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Win or lose, Republicans to target new health-care law after November elections

If you missed any of this year's primaries -- or just forgot -- here are the names and faces you need to know in November.

Several predicted a standoff similar to the 1995 federal government shutdown that resulted when President Bill Clinton and the majority-Republican Congress could not agree on a budget. But some said privately that they are not eager to try a repeat.

Others questioned whether it would come to that, noting that spending bills always involve horse-trading between the president and Congress.

As one Republican congressional staff member put it: "It's going to be hard for the president to veto a bill that funds his own administration. . . . He's going to have to make a difficult choice of putting his signature on something he doesn't 100 percent agree with or forfeiting everything."

Mark B. McClellan of the Brookings Institution, who ran Medicare and Medicaid under President George W. Bush, agreed. "The president may not get all that he wants in terms of implementation funding. But it may not be worth the political fight of holding up an entire appropriations bill," he said.

The impact under that scenario is difficult to predict. So far, HHS and the IRS have managed to make do with existing budgets. That's noteworthy, considering that HHS has already hired several hundred new employees, written regulations to translate the law's broad brushes into fine print and disbursed grants to help states begin establishing the state-based "exchanges," or insurance markets through which many Americans can buy coverage after 2014.

HHS Secretary Kathleen Sebelius said much of the money that will be needed over the next two years will go to short-term bridge programs to help cover particular groups, such as early retirees and people with preexisting medical conditions, that would be politically difficult to de-fund. Only a small share of what will be needed from the next Congress will be for the administrative cost of implementation. So even if her agency were not fully funded by the next Congress, it could continue erecting the law's architecture.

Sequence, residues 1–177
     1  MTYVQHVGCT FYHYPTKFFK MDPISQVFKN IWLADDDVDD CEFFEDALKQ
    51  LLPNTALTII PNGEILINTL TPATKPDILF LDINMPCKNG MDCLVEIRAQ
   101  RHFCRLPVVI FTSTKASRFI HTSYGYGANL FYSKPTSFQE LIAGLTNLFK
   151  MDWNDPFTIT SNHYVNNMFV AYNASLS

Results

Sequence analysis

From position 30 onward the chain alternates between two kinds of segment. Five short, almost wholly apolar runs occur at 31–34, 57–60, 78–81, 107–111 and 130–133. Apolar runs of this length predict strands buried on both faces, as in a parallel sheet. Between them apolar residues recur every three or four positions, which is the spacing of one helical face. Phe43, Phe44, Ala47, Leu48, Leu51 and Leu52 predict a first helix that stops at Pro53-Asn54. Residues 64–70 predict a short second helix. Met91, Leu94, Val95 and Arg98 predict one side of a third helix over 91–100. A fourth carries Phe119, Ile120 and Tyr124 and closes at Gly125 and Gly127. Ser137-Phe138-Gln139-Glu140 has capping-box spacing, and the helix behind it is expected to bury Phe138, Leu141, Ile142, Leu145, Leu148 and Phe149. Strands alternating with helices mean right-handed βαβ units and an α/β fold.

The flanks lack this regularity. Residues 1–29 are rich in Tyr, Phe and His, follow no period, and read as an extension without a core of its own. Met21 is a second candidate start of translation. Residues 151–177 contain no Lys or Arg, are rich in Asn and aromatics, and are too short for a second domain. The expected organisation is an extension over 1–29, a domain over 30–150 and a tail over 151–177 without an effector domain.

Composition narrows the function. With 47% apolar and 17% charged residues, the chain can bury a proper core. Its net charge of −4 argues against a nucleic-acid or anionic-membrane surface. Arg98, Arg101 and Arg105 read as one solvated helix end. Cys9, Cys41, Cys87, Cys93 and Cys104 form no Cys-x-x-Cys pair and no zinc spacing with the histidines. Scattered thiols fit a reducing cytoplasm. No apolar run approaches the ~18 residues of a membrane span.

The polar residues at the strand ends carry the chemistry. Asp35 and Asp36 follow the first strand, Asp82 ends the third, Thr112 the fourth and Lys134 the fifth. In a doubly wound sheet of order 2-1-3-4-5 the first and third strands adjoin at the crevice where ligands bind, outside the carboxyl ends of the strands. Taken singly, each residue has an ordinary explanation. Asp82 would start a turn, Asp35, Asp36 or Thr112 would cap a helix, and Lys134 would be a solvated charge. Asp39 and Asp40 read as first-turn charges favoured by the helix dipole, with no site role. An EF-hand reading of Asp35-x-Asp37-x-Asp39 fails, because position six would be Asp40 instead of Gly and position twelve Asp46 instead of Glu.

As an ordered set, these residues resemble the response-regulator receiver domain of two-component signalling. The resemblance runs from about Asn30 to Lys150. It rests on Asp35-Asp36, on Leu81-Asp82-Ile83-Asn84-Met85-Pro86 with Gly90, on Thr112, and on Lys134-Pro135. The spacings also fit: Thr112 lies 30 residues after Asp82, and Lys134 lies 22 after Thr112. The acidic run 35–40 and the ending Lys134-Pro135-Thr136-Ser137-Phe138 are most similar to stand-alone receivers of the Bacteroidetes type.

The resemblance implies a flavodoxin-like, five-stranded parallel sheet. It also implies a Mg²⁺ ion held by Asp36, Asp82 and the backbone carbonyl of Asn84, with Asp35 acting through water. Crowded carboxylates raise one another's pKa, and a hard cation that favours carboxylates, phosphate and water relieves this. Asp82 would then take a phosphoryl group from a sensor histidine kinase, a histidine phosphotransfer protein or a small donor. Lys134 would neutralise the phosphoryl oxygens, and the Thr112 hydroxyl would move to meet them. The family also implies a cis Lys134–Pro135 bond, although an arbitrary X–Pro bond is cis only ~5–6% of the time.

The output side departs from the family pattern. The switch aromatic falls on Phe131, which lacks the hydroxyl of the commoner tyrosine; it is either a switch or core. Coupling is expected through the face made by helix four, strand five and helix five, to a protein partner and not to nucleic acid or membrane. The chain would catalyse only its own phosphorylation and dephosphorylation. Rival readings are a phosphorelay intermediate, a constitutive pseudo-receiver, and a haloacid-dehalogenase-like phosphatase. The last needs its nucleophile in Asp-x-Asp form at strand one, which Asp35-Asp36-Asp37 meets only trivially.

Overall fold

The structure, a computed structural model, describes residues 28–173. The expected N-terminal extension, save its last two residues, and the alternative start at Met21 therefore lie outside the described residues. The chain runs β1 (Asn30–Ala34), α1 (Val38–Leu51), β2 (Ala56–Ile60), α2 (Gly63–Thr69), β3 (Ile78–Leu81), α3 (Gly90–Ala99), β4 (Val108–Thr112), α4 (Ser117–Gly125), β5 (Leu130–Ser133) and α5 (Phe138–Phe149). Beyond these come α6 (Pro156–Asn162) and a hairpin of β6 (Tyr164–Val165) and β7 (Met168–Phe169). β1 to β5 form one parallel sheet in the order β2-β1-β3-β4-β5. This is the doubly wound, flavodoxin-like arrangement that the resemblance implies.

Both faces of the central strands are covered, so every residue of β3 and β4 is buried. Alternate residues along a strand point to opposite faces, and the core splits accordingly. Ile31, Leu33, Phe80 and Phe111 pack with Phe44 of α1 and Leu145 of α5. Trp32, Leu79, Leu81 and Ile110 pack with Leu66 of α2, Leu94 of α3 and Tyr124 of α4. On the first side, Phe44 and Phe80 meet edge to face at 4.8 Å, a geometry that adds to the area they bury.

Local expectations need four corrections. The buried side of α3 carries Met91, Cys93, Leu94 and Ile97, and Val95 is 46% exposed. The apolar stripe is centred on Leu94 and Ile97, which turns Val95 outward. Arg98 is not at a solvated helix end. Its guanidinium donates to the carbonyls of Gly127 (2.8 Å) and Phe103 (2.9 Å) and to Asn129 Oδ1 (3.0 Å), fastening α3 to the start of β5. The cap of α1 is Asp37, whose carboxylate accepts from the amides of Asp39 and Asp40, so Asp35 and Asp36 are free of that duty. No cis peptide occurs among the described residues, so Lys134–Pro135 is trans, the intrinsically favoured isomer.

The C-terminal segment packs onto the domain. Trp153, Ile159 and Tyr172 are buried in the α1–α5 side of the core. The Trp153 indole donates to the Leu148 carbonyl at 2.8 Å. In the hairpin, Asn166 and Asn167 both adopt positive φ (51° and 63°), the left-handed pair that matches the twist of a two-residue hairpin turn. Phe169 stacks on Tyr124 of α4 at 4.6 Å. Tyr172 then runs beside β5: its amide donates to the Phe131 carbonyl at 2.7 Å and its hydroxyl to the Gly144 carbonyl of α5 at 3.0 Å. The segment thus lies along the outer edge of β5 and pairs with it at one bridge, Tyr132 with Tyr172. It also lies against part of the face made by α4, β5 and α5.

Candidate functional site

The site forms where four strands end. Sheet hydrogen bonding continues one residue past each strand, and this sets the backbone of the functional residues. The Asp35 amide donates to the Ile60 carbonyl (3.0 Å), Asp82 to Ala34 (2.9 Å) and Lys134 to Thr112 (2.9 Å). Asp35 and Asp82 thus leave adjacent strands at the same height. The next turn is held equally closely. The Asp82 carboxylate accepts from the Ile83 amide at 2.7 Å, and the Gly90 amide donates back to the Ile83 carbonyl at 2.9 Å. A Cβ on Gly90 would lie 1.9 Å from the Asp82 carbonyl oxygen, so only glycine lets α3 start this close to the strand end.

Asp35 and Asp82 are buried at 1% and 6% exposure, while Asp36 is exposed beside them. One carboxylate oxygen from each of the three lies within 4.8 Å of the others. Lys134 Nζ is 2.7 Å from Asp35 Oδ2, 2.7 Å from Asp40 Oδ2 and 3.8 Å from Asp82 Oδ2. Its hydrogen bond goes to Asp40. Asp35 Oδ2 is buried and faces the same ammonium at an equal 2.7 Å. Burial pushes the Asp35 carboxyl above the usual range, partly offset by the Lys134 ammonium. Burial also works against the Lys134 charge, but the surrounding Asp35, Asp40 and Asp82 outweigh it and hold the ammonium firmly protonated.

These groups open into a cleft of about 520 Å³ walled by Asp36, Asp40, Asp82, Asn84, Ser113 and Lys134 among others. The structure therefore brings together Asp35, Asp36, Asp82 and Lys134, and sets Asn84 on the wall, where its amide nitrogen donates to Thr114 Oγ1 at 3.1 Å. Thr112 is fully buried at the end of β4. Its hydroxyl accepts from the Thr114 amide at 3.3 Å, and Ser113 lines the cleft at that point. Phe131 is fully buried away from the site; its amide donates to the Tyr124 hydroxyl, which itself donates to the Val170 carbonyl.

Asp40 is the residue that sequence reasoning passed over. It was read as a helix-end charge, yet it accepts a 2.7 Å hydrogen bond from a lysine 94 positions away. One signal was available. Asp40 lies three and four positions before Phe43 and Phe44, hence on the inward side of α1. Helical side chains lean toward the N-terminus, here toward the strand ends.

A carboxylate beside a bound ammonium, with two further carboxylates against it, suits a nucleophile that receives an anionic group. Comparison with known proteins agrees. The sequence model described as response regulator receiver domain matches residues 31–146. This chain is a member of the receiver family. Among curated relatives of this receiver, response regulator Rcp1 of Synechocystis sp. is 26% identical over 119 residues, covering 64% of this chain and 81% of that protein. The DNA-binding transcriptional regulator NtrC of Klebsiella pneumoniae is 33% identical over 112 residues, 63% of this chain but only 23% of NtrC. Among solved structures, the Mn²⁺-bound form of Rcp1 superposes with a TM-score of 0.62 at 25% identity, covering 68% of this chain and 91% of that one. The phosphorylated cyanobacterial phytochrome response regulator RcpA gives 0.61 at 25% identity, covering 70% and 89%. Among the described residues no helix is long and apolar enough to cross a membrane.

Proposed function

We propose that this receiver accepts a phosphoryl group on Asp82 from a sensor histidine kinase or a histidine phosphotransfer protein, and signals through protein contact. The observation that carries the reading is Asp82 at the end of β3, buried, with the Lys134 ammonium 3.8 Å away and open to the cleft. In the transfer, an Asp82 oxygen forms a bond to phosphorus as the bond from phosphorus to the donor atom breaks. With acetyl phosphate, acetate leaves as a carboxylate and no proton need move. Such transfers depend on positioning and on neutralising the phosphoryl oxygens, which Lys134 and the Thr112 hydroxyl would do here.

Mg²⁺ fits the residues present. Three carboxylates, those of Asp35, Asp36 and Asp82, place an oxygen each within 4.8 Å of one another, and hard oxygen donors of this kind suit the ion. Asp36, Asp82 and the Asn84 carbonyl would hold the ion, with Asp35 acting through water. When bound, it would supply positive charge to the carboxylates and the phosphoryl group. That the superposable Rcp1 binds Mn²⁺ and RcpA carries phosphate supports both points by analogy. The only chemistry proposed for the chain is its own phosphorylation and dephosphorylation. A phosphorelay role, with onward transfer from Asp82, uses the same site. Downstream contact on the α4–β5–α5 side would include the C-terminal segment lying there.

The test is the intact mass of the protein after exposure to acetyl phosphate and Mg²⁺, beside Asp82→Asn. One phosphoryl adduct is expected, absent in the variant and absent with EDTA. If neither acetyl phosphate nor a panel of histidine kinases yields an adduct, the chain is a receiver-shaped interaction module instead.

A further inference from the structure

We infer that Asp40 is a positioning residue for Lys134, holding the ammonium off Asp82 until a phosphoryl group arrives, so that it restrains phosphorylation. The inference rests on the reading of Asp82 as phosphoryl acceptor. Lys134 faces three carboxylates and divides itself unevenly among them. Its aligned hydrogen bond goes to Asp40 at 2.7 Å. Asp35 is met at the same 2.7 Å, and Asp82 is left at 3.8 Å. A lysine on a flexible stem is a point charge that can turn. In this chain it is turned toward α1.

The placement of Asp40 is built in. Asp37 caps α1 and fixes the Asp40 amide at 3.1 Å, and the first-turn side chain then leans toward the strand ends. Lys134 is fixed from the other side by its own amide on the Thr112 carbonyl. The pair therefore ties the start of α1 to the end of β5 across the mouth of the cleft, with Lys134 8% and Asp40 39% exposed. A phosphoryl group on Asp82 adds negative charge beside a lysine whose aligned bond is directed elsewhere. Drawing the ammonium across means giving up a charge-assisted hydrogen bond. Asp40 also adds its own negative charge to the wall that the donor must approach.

"I've been a governor in tight budget times, and you do what you can with what you have," the former Kansas governor said at a breakfast with journalists last Thursday.

But she added that "the states, certainly, are counting on resources to set up these new marketplaces, and absent those resources, that will be difficult."

Several conservative analysts were less sanguine, noting that the law requires HHS to assess the readiness of states to run exchanges by 2013 and to be prepared to step in with a federal version in case any states are lacking.

Similarly, they said, by 2014 the Treasury Department must have a system in place for identifying the millions of Americans eligible to receive federal subsidies that the law will provide to help them buy insurance.

"I don't think you can underestimate how much needs be done by 2013, and it's very hard to do that at the last minute," McClellan said. "It could materially impact the implementation of the law if there isn't adequate funding for these activities."

Still, for all the legislative battles that might ensue, many contend that the more lasting effect of the election could be the opportunity it could give Republicans to hold hearings showcasing any downsides to the law. That could include spotlighting business owners who say they are hiring fewer workers because they cannot afford to offer the health insurance that the law mandates, or people who say their premiums skyrocketed because their insurer has been required to offer broader protections.

"If they can show the effect of the law and then tie it back to the state of the economy, I think that would be a pretty devastating one-two punch," said David Merritt, health policy adviser to John McCain's 2008 presidential campaign who is currently with the Gingrich Group, a consulting firm founded by former House speaker Newt Gingrich (R-Ga.).

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